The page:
Aquino: No ‘command responsibility’ in Mamasapano raid
Former President Benigno Aquino III pinned the blame entirely on sacked Special Action Force (SAF) director Getulio Napeñas and said he had no command responsibility for the botched operation, according to his counter-affidavit submitted to the Ombudsman in connection with a reckless imprudence charge filed against him.
Mr. Aquino filed his counter-affidavit to the charge of reckless imprudence resulting in multiple homicide filed against him by families of elite SAF cops killed in the anti-terror operation “Oplan Exodus” that was botched due to poor planning and coordination.
READ: More SAF relatives file raps vs Aquino over Mamasapano | Citizen Noy faces homicide raps for Mamasapano carnage
President Rodrigo Duterte earlier castigated Mr. Aquino for “feeding the soldiers to the lion’s den” and keeping secret from the public that the Mamasapano raid was a top CIA operation.
Mr. Aquino broke his silence in a statement and said his only fault was to trust Napeñas to handle the operation.
In his counter affidavit, Mr. Aquino said there was no element of command responsibility in the carnage and that he had no direct participation in the planning, approval and execution of Oplan Exodus.
“The complaints miserably failed to show or even remotely establish how the doctrine of command responsibility may be applicable here,” Mr. Aquino said.
He said the operation to serve the arrest warrants against terrorists Marwan and Basit Usman “did not need any direct approval from the President of the Philippines,” and thus his direct approval of the operation “was not necessary at all, nor was it sought.”
He added that he only knew after the operation that he had been fed with “false inaccurate and misleading” information by Napeñas.
Mr. Aquino said he could not be held liable for reckless imprudence, especially because he was misled by Napeñas into thinking that the operation was foolproof and that the military had been coordinated with and mobilized to back up the beleaguered elite cops.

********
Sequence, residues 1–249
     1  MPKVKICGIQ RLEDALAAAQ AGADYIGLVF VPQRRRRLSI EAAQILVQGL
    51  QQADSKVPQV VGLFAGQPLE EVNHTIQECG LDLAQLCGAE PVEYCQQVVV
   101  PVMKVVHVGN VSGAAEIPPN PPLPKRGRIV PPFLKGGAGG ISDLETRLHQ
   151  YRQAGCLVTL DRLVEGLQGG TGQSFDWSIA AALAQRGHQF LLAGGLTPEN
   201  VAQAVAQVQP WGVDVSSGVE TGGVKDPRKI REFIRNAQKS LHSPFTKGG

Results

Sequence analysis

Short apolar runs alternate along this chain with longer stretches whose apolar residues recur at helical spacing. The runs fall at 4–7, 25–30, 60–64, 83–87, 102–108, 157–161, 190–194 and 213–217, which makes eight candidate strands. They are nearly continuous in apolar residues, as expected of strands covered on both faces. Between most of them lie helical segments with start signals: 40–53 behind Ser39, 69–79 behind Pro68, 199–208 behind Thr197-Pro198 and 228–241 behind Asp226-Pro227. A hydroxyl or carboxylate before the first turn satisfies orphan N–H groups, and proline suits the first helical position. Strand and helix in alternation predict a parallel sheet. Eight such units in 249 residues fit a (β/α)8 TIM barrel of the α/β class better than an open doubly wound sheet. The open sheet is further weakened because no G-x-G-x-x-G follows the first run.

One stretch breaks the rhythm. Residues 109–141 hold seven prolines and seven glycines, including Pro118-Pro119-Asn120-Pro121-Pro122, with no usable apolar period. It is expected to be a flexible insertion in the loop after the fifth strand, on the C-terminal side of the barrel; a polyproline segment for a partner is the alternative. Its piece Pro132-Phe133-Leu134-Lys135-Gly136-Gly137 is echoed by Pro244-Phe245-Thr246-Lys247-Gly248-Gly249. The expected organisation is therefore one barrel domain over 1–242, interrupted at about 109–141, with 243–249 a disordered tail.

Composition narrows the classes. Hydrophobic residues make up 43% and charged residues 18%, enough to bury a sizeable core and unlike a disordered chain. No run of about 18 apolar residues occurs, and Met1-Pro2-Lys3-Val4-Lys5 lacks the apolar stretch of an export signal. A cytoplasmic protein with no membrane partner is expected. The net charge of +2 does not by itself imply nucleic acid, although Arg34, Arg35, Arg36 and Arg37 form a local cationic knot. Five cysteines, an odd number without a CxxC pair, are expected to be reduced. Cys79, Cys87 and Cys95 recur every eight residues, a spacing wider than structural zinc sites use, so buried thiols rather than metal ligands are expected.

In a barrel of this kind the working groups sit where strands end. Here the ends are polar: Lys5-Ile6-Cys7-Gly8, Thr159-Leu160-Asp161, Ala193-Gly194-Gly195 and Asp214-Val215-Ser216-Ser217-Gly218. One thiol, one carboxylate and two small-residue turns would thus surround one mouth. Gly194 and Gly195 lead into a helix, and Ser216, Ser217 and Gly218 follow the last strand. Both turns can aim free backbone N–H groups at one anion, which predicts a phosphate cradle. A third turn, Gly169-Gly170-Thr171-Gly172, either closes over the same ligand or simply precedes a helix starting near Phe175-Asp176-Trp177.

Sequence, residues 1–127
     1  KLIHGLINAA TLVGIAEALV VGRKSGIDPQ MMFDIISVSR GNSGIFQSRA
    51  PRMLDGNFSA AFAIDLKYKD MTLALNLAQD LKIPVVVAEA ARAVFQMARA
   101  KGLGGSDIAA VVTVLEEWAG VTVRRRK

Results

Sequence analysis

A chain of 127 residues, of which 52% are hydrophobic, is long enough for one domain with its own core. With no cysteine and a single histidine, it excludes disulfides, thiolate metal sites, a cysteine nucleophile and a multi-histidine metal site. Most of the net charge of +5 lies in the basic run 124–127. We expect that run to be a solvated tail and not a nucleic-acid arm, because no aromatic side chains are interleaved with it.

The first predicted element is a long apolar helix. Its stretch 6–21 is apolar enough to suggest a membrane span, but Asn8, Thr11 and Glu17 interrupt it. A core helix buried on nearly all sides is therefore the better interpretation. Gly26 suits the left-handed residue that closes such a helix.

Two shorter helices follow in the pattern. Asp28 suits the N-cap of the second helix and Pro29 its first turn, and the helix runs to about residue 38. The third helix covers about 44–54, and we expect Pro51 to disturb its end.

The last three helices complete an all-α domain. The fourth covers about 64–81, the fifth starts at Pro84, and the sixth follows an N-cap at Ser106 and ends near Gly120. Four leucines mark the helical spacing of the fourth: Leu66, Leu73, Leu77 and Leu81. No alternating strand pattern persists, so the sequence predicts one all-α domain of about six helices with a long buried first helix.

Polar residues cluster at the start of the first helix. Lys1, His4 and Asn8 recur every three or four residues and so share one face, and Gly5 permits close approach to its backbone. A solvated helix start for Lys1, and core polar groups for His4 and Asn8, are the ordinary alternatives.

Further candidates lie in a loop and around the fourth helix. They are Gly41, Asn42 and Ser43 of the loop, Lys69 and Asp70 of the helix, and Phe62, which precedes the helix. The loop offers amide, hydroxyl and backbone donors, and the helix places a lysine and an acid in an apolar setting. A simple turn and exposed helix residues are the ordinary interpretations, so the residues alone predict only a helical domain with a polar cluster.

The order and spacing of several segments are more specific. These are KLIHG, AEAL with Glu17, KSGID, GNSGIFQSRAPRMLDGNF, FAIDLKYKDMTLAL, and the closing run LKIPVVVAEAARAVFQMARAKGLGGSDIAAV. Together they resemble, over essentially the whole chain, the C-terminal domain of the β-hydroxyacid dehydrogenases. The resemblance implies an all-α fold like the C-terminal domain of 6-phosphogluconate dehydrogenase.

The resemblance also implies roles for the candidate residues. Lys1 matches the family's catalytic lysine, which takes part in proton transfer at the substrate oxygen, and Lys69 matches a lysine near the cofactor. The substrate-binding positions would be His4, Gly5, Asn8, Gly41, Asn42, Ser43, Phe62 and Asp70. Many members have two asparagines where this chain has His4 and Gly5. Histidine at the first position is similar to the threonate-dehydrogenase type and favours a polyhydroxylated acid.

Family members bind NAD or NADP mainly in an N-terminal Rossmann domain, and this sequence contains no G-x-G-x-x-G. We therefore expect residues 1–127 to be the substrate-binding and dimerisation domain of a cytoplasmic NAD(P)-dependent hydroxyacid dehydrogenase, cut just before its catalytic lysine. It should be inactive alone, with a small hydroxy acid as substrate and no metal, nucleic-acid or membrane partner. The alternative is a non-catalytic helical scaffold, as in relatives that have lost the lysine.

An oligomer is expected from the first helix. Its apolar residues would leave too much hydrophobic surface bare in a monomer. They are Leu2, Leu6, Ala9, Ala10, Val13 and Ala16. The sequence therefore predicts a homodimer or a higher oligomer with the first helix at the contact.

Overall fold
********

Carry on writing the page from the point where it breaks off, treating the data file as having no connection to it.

The former said it was Napeñas who did not follow his orders to coordinate with the military and carried out a time-on-target operation, wherein the police informed the military of the operation only after the elite cops were in the target destination, resulting in a delay in coordination with the military that caused heavy casualties.
“Respondent Napeñas never informed me that he did not coordinate with the Armed Forces of the Philippines (AFP). At this point, he could have appealed to me as the Chief Executive that he was not getting the necessary support; in which case, I could have immediately ordered and directed the conduct of reinforcement measures,” Mr. Aquino said.
He reiterated that there was no urgency in the text messages he received that only gave him the impression that the operation had ended or was coming to an end.
“I can only surmise that he realized the magnitude of his gross and willful insubordination and that the very contingency that I cautioned and warned him about was actually happening. Therefore, in as much as I was not given the real and complete picture of the real situation, how could I have been expected to determine the best course of action and direct the conduct of reinforcements and/or rescue operations, when I was provided insufficient and wrong information?” he added.
Mr. Aquino said he could not be faulted for allowing his friend and dismissed Philippine National Police (PNP) chief Alan Purisima to be present in the planning of the operation despite his suspension then for graft.
He said Purisima’s presence was needed as he held crucial information on the top-secret anti-terrorism raid.
“As the Chief Executive, I can directly order any person–any subordinate to be exact–to do what must be done. In the case of respondent Purisima, he was a resource person providing vital information,” Mr. Aquino said.
Mr. Aquino said there were several factors that contributed to the disaster, such as deficient planning, defective execution of the operation, and lack of coordination with the AFP.
“Based on the foregoing… the proximate cause of the failure of ‘Oplan Exodus’ and the unnecessary loss of lives of dedicated young police officers was not my purported involvement and/or participation in ‘Oplan Exodus,’–but rather, the poor planning, defective execution and lack of coordination with the AFP,” he said.
Mr. Aquino said his role was only limited to asking “common sense questions and clarificatory remarks,” while the decision-making process was “all left to the sole discretion of the ground commanders.”
He expressed hope the SAF families find comfort in knowing that the cops’ deaths were not in vain, and warned them that there were individuals taking advantage of their plight “to reopen wounds for their own personal motives.”
Mr. Aquino also noted that he had been cleared of liability by the Ombudsman investigators.
Purisima and Napeñas have been charged with usurpation of powers and graft for bypassing the police chain of command in the botched operation. CDG/rga
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